Crucial Moment in Struggle for Justice in Middle East and North Africa

The international conference titled "Transitional Justice in the Middle East and North Africa: Opportunities and Challenges" began today in Cairo. Bahey eldin Hassan, director of Cairo Institute for Human Rights, opened the conference welcoming participants from Egypt, Tunisia, Libya, Syria, Sudan, Yemen, and other countries of the region and their guests from across the world.

Hossam al Gharyani, president of the Supreme Judicial Council in Egypt, welcoming guests from all corners of the globe, asserted that judges of Egypt have a long history of bravely struggling for freedom and the rule of law in this country.

He noted the three main challenges facing the judiciary of Egypt in the aftermath of the revolution as one of the only functioning pillars of the society in the absence of a democratically elected parliament, government of constitution. These challenges include the huge task in addressing the legacy of massive human rights abuses during the years of dictatorship; the pressure coming from the demonstrators who often pass judgments on people in the court of public opinion and expect courts to validate their verdicts; and the attacks on judiciary coming from different political parties as part of their pre-election campaigns.

Lucie Viersma, speaking on behalf of the High Commissioner for Human Rights emphasized the importance of transitional justice in today’s efforts to address legacies of massive human rights abuse and OHCHR’s record in addressing human right violations in the region

She outlined the principles and norms governing the normative boundaries of UN engagements, including the centrality of victims’ rights in any transitional justice process.

David Tolbert, president of the International Center for Transitional Justice, asserted that ICTJ is here to provide technical assistance and advice stemming from international experiences from a number of contexts, but that this is ultimately an Egyptian transition, in the hands of Egyptian people.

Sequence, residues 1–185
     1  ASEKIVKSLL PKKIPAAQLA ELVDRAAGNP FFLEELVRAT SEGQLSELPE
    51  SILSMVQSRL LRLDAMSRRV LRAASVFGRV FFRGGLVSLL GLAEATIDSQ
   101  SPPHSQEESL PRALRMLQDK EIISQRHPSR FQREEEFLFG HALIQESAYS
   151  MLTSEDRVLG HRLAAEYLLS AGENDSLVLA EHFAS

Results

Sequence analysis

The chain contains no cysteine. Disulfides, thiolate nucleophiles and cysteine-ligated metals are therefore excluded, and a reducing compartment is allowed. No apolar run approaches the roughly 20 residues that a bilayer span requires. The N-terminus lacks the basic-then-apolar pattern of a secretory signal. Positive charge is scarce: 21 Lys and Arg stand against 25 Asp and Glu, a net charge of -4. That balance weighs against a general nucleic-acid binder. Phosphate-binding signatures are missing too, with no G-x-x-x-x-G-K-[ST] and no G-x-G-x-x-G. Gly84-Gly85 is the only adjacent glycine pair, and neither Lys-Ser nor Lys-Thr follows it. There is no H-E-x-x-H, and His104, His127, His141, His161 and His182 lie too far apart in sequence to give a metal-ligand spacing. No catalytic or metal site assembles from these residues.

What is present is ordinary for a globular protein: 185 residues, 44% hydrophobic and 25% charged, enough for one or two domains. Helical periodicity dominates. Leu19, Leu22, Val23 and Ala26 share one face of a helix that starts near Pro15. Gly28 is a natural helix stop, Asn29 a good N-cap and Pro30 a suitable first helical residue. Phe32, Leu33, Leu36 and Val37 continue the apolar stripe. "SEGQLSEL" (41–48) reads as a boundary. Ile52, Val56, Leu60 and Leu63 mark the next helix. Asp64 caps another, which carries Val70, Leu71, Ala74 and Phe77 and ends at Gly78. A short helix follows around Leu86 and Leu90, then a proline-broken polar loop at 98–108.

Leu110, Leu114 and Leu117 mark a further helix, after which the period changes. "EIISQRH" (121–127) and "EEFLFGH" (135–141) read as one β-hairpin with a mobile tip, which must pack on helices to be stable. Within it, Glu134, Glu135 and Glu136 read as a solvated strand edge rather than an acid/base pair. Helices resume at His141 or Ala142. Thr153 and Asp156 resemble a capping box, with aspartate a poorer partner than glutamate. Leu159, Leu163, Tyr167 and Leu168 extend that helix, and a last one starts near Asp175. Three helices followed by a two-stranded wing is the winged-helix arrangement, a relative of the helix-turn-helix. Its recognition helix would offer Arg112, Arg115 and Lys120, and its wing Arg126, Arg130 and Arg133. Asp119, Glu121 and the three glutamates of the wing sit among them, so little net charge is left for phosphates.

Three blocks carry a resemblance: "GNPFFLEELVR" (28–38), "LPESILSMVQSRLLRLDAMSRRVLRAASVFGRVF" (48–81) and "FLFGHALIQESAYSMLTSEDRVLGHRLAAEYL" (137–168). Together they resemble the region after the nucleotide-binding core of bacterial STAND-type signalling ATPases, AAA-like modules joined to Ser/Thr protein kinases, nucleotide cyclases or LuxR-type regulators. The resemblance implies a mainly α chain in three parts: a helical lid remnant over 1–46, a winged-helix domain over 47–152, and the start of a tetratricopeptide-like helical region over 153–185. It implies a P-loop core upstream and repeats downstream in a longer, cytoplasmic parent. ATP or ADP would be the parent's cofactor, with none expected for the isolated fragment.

“The Egyptian revolution electrified the world as a truly a seismic event in the modern times. Now you have the responsibility to deal with the legacy of abuse and this is important not only for Egypt but other countries in the region, given the stature of Egypt. A successful transition here will set the standards for many other societies in the region and elsewhere," stated Tolbert. "A reckoning with the past, including the truth about human rights abuses, redress of victims, accountability of perpetrators, and institutional reform are cornerstones of such successful transition."

In closing of the introductory session, Bahey eldin Hassan of CIHRS described different events that preceded the conference, which place the efforts to achieve justice in a specific context.

“The transitional justice situation in Libya is getting more and more complicated with allegations of murder and torture committed by the revolutionaries emerging. In Yemen and Syria, issues are different with considerations whether to pursue criminal charges against the leaders there. And in Egypt questions are being asked whether we are retreating towards the practices of the past and the whether there will be any justice,” asserted Hassan.

He added that the trial of Hosni Mubarak is a great illustration, as the charges against him don’t include any abuses other than one incident of 28 January. “The main question is the existence of political will to have justice. Many people in Egypt believe that we are returning to the atmosphere of March 15 of 1954, when the road to democratic transition was blocked. These are difficult questions, but also questions that have faced other countries over the last century and I hope we will benefit from discussing them here today,” stated Hassan in conclusion of the opening session.

The conference continued with the session in which participants heard testimonies of victims of human rights abuses from Tunisia and Egypt.